The Idaho Sting, chapter 2

Okay, this sounds like a whole different book–a technique I haven’t tried before.
Chapter 2.

               Kim could hardly sit in her desk.  The fifth-grade’s annual “Start a Business” assignment and  the new teacher had let them choose their own teams!  None of that careful mixing that Mrs. Snodgrass had done.  Mrs. Bailey had had the class elect five leaders and then had let the leaders take turns picking team members.  That stupid Jeff had every stupid jerk in the class on his team—and Kim had the best and brightest on hers.  All girls, of course.  Girls always ended up doing all the work, so why include any guys?
               Carefully, Kim started writing the notes.  “After school—my place, Kim.”  Anita and Wendy had cell phones, but the teachers took them if they saw them in class.  But paper notes?  Well, this was class business. 

               Kim did text her mother to tell her that Lori, Anita, Wendy and Olivia were coming to the house after school.  Her mother—a landscape architect– was probably off measuring someone’s yard.  Kim was pretty much on her own the first weeks of April—her dad wouldn’t come up for air until all his clients’ taxes were filed April 15, and half the town wanted her mom to help them get started on their yards.  Not that having classmates over was a problem—that was another advantage of having an all-girl team.
               Tonight they would decide on their project.  Once that step was out of the way, they could all get to work.

               “We could babysit,” Anita said, her big brown eyes serious.
               Wendy groaned.  “The last two years the babysitters came in dead last.”
               “Are you sure?  They were always busy,” Anita countered.
               “Yea, my sister’s friend Liz was on last year’s team.  They found out that the year before had started discounts for repeat customers.  They ended up getting nearly nothing after the fourth night’s work.”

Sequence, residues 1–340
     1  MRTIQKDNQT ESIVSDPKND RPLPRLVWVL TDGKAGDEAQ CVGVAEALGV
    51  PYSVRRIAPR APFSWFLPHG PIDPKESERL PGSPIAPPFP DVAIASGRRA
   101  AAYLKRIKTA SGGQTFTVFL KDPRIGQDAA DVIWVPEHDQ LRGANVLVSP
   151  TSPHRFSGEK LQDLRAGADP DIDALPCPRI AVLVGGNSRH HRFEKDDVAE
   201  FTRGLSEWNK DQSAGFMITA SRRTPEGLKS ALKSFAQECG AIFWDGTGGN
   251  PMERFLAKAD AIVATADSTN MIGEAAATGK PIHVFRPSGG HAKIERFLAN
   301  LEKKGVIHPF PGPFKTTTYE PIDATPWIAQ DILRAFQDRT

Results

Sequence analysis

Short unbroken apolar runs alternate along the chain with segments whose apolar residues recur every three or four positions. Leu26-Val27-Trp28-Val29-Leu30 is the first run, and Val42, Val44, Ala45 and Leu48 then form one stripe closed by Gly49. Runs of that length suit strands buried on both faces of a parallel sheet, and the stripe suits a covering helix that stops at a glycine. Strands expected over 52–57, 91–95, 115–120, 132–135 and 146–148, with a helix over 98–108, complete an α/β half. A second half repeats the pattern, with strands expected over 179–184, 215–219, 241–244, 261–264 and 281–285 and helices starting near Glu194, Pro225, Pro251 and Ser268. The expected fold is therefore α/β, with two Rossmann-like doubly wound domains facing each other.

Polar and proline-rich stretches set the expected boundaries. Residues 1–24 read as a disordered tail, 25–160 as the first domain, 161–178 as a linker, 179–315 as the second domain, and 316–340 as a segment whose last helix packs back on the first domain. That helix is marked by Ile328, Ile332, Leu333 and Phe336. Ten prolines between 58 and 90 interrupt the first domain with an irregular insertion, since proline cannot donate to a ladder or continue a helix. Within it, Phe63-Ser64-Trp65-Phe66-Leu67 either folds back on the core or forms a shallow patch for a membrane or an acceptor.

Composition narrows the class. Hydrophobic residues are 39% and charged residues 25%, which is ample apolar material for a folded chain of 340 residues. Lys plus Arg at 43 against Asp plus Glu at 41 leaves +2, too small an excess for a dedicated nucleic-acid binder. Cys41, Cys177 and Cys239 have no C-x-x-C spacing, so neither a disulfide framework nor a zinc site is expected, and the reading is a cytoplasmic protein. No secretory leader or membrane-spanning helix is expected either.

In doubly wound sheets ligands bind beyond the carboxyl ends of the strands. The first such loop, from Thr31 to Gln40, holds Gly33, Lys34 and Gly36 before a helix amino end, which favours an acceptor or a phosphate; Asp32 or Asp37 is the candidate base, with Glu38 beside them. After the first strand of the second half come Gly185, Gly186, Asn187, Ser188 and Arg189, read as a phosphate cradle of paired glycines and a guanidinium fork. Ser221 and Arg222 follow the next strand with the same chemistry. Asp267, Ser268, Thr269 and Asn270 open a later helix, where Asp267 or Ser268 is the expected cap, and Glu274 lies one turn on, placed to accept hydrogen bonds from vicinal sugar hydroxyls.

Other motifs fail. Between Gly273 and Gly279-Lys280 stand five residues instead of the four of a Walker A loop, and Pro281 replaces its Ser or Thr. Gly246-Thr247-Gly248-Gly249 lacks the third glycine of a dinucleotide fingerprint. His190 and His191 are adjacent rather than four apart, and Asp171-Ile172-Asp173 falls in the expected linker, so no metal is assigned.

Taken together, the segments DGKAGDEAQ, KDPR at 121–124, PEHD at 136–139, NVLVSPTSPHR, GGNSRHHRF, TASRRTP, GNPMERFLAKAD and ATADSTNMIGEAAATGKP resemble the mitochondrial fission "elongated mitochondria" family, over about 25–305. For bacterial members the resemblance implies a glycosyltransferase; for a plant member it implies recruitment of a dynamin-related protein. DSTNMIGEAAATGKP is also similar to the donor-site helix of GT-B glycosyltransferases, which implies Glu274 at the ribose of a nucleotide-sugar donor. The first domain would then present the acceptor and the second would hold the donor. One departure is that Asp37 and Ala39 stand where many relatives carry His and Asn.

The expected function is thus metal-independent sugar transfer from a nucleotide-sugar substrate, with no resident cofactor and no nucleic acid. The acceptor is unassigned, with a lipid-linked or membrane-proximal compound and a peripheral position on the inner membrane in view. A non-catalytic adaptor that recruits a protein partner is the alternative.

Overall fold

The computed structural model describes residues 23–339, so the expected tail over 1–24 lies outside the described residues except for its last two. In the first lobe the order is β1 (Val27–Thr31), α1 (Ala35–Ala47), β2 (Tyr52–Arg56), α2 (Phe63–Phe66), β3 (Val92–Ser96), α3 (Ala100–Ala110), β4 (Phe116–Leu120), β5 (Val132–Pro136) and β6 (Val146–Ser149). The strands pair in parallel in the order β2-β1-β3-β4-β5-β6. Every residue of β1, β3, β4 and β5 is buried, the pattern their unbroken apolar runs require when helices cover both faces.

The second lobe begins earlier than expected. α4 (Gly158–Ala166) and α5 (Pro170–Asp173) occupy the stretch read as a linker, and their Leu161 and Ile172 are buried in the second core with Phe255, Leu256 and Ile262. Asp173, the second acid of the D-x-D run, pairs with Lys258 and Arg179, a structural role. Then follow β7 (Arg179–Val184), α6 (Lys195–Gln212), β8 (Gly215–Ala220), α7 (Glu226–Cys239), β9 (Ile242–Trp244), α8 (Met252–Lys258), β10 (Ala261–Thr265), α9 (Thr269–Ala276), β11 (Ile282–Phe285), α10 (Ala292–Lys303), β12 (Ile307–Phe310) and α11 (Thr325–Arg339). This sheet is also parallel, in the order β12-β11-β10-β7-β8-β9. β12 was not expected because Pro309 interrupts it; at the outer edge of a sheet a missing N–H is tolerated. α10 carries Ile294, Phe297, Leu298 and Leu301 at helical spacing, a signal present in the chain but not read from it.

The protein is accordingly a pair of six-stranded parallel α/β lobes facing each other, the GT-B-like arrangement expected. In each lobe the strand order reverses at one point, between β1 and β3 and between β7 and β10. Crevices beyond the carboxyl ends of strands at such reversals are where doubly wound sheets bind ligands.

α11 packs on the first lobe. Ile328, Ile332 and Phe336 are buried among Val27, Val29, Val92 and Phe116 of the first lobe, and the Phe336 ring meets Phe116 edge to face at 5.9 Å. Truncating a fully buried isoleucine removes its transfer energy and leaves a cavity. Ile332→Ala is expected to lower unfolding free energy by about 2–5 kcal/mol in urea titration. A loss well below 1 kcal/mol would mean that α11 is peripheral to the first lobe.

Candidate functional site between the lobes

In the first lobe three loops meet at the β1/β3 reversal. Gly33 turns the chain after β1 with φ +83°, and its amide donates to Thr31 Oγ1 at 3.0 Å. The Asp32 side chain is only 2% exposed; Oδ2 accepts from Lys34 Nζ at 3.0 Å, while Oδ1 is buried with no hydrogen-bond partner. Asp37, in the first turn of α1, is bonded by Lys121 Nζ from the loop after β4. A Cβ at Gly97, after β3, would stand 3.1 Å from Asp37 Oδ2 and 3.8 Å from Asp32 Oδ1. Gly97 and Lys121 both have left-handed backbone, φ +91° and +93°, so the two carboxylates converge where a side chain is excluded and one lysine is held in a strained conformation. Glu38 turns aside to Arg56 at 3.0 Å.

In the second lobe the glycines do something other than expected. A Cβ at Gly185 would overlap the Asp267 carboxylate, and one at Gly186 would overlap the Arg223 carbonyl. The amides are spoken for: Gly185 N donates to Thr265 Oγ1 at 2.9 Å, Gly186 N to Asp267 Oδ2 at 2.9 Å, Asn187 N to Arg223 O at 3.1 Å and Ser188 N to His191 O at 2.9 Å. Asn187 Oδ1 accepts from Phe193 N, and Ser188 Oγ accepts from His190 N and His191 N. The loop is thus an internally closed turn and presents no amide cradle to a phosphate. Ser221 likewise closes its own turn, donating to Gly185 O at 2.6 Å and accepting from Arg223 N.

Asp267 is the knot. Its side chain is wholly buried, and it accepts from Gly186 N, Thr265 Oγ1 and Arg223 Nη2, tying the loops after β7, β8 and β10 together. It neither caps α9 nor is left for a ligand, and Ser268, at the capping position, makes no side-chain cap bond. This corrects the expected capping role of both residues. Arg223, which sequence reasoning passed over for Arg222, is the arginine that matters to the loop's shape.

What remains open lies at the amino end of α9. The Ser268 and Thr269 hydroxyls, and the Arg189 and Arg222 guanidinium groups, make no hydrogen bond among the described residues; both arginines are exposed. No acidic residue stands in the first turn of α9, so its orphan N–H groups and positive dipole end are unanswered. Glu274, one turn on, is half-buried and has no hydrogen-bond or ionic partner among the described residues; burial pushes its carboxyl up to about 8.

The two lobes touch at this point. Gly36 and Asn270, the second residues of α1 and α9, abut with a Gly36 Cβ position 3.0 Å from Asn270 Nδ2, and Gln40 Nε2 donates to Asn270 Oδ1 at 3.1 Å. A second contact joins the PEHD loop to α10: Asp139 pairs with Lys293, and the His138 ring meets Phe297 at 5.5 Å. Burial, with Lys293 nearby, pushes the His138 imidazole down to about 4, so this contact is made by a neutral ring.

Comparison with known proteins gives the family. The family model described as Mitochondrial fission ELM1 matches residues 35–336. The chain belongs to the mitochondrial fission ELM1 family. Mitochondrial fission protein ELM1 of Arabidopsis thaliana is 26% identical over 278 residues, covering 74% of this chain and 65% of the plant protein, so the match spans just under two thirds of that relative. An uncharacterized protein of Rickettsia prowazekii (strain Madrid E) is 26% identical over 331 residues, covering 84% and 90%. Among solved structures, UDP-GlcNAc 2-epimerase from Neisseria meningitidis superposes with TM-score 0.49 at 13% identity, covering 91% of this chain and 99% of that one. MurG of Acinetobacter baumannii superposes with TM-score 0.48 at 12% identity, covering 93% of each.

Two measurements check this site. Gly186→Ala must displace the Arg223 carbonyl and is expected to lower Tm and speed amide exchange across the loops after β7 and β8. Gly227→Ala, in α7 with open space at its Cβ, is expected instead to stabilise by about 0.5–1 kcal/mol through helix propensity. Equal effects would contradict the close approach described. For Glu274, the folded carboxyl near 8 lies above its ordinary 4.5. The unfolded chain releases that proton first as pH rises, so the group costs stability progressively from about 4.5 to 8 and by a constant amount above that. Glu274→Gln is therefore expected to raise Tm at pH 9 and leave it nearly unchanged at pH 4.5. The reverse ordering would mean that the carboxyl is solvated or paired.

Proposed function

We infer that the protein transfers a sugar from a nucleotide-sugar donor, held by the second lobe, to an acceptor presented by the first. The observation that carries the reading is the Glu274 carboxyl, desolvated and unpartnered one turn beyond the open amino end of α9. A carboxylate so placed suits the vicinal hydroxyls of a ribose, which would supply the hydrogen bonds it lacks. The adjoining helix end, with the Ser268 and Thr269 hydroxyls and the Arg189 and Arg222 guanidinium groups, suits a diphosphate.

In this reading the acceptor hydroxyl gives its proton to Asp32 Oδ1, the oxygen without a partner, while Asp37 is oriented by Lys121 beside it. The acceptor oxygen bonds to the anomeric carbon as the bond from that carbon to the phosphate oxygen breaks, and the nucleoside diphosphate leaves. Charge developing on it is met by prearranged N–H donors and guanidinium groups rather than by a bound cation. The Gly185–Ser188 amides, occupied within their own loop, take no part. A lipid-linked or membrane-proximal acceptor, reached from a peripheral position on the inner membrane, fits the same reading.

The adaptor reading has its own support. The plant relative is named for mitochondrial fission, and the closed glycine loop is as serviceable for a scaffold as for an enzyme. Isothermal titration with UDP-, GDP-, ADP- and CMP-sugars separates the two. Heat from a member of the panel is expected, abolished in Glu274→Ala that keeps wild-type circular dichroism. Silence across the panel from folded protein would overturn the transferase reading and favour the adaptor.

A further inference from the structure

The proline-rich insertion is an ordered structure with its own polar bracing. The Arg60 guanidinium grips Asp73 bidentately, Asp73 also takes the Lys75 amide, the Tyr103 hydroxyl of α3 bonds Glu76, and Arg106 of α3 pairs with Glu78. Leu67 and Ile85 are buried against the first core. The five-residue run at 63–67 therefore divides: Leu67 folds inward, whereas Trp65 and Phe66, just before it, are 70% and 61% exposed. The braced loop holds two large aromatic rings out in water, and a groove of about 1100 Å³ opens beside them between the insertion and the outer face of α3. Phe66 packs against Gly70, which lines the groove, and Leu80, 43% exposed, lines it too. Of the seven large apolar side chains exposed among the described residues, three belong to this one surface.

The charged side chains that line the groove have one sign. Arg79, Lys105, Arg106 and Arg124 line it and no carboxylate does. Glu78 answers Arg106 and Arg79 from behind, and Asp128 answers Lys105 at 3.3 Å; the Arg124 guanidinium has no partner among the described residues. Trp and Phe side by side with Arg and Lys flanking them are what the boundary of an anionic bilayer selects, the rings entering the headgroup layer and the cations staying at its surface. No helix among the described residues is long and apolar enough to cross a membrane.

“Well, we won’t give discounts,” Anita suggested.
               “You know, we can’t legally babysit—not until we’re twelve,” said Lori.
               Anita and Kim laughed.  “This is Idaho,” Kim said. 
               “And teams have done it every year,” said Anita.
               Lori laughed too, but added, “But not one with our parents.”
               The girls were quiet then.  They had no doubt their parents had to be the most law-abiding in town.  When you edit the newspaper or run the local hospital or take care of other people’s money, you care about public opinion.
               After a while, Kim said, “Maybe a raffle.”
               “Team three is holding a raffle,” said Lori.
               Everyone nodded.  Lori’s twin brother was on team three.
               Kim brightened, “Yard work.  Mom could let us know who needs stuff planted.”
               “And they’d choose us?” asked Olivia. 
               Silence again.  Kim had tried to run a rototiller; it seemed to have a mind of its own.  She surveyed the girls.  Anita, with the serious eyes and long brown hair, was the smartest kid in the school.  Lori, the tomboy with the pixie cut, would try anything.  Olivia, tall and bony and blond, was practical and funny.  And Wendy, a classic beauty who used makeup already, was the richest girl in town.  How could this group not come up with a killer idea? 
               “We could hold yard sales for people,” said Lori, and all the girls started babbling at once.  Yard sales were something they knew how to do—and something they loved.